Employment by Industry: March Job Numbers Soar

Written by David Schollaert

The U.S. labor market saw a strong surge in employment to closed out the first quarter. The U.S. Bureau of Labor Statistics (BLS) reported that employers added 916,000 to their payrolls in March, more than doubling the 379,000 jobs added in February. Following a dismal close to 2020 and a slow start in January, total non-farm employment rose by 1.295 million in February and March combined. These recent gains point to an economy recovering from the pandemic and a growing workforce that has benefited from improved vaccination efforts and lifted restrictions. Despite the added jobs this past month, however, the unemployment rate fell only slightly to 6.0%, compared to 6.2% the month prior, according to Steel Market Update’s latest analysis of the BLS data.

The addition of 916,000 jobs in March was the fastest gain since last summer as stronger economic growth contributed to a surge in hospitality and construction jobs. Even though the unemployment rate saw only a small decline month to month, the number of unemployed persons fell below the 10.0 million mark for the first time in 12 months, to 9.9 million. While 12.6 million people have found work since the peak of unemployment last April, the labor market still has a long way to go to return to the pre-pandemic levels of last February, when just 5.7 million were out of work and the unemployment rate was a mere 3.5%. Due to the pandemic fallout, the baseline against which future comparisons will be made is February 2020, the all-time high for nonfarm employment at 152,463,000. Figure 1 shows the total number of people employed in the nonfarm economy.

EmpByIndustry Figure1

Designed on rolling time periods of 1 month, 3 months, 1 year and 2 years, the table below breaks total employment into service industries and goods-producing industries, and then into private and government employees. Most of the goods-producing employees work in manufacturing and construction. Comparing service industries and goods-producing in March shows service jobs have increased by 0.7%, while goods-producing rose by 1.0% from February’s result. Note, the subcomponents of both manufacturing and construction shown in this table don’t add up to the total because we have only included those with the most relevance to the steel industry.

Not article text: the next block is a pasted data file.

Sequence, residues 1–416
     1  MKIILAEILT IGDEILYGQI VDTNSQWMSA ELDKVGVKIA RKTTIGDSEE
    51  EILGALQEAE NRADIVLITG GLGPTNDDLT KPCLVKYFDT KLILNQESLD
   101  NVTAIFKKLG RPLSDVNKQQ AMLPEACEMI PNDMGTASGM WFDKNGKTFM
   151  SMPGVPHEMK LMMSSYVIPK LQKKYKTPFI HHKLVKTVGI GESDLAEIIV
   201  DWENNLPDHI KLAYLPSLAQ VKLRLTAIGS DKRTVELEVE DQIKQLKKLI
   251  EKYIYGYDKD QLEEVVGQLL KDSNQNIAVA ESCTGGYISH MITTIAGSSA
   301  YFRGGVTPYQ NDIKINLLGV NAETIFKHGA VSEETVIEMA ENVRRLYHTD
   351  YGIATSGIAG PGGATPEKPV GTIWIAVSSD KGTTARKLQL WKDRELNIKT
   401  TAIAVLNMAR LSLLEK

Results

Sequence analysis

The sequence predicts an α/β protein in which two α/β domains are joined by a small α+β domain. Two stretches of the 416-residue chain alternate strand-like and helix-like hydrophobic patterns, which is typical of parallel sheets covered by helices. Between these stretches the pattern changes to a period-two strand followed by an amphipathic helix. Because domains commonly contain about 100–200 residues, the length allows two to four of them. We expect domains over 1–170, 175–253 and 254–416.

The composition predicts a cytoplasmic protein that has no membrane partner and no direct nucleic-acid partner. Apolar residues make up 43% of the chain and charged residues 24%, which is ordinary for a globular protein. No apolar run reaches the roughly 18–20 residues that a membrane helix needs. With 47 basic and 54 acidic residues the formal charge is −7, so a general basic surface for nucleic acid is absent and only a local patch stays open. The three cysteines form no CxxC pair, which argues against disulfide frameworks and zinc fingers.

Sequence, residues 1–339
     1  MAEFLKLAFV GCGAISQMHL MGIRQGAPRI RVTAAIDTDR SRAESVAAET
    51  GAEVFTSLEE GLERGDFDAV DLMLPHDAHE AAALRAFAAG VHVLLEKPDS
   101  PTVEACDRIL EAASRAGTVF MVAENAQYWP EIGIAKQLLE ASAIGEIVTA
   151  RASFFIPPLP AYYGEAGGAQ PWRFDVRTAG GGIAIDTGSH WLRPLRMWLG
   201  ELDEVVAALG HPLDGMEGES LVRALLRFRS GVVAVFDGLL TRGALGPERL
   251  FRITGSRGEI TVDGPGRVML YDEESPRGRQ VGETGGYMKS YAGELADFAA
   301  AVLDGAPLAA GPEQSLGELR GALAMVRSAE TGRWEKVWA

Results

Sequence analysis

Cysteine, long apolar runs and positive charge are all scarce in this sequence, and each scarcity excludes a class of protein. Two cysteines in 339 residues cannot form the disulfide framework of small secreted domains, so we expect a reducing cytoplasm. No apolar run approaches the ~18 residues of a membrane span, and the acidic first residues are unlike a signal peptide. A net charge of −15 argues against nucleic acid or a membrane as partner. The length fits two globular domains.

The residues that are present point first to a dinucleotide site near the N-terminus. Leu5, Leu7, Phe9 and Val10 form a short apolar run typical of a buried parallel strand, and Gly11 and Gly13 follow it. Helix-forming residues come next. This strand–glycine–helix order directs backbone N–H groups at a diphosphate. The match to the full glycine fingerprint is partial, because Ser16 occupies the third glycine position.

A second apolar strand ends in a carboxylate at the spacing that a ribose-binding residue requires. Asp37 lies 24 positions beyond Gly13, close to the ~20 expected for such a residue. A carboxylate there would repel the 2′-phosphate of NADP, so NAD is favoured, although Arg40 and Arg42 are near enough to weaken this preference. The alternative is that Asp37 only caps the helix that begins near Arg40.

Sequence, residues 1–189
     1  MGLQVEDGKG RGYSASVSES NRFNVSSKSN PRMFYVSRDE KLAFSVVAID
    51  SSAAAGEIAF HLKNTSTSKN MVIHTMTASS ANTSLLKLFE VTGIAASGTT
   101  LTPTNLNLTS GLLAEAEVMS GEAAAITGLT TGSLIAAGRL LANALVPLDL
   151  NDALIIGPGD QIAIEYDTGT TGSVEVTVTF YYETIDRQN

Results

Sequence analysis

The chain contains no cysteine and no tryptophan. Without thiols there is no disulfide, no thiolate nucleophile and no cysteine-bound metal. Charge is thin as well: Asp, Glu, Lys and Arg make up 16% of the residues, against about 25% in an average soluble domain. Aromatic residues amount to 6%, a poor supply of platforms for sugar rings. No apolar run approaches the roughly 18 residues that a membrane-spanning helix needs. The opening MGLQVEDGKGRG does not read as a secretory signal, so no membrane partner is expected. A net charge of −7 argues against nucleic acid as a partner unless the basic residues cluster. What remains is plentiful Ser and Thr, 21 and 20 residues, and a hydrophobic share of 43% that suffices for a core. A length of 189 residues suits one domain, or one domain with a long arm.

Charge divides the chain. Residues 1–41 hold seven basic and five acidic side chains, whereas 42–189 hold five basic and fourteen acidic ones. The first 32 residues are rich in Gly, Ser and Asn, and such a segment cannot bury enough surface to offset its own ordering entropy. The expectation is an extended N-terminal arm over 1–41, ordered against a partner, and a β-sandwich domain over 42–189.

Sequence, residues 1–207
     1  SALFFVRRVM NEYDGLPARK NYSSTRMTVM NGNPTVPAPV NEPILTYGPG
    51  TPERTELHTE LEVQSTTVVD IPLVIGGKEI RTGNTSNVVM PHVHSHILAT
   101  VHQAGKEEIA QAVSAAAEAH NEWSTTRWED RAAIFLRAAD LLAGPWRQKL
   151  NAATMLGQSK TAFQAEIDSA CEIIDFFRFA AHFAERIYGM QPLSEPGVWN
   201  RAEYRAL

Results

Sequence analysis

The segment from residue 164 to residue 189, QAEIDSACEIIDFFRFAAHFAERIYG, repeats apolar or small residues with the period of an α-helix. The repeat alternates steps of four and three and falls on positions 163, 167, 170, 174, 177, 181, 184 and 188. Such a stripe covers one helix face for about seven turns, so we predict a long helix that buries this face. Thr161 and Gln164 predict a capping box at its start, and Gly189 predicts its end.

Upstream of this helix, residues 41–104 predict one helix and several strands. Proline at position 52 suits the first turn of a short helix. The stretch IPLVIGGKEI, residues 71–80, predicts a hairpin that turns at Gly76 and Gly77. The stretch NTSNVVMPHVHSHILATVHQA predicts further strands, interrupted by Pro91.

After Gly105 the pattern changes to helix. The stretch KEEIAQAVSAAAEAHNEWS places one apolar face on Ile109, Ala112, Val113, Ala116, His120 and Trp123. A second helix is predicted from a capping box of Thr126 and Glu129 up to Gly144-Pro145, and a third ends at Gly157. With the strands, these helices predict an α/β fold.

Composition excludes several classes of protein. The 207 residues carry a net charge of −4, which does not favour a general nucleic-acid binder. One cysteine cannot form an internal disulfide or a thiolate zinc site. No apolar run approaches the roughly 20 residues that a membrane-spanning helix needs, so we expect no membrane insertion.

EmpByIndustry Tabel1

Comparing March to February, manufacturing employment was up by 0.4% versus 0.2% the month prior. Construction was up 1.7% with the addition of 126,000 new jobs, a major seasonal shift after repeated decreases over the past few months. Despite the repeated increases in February and March, 3-month, 12-month and 24-month comparisons are problematic due to the extensive loss resulting from COVID-19. In the year-over-year contrast, manufacturing was down 3.4% and construction 1.2%. The trend is expected to remain on a rising trajectory as we move farther away from the freefall last April.

Manufacturing employment increased by 46,000 in March, led by a gain of 7,000 in transportation equipment. Construction rose by 126,000, led by heavy and civil engineering at 30,300 new jobs, followed by general commercial and residential buildings, according to the BLS data. Improved weather across much of the country has aided the employment growth in construction, with further increases likely in the near-term. Employment in the industry is now 91,000 below year-ago levels, but a vast improvement from the negative 308,000 just last month. Mining lost 98,5000 jobs in March, while transportation equipment and motor vehicles and parts also saw losses. Figure 2 shows the history of employment in manufacturing and construction since January 2005.

EmpByIndustry Figure2

The reported number of unemployed manufacturing and construction workers is shown in Figure 3. These were 780,000 and 835,000, respectively, at the end of March.

EmpByIndustry Figure3

Explanation: On the first or second Friday of each month, the Bureau of Labor Statistics releases the employment data for the previous month. Data is available at The BLS employment database is a reality check for other economic data streams such as manufacturing and construction. It is easy to drill down into the BLS database to obtain employment data for many subsectors of the economy. The important point about all these data streams is not necessarily the nominal numbers, but the direction in which they are headed.

By David Schollaert,

David Schollaert

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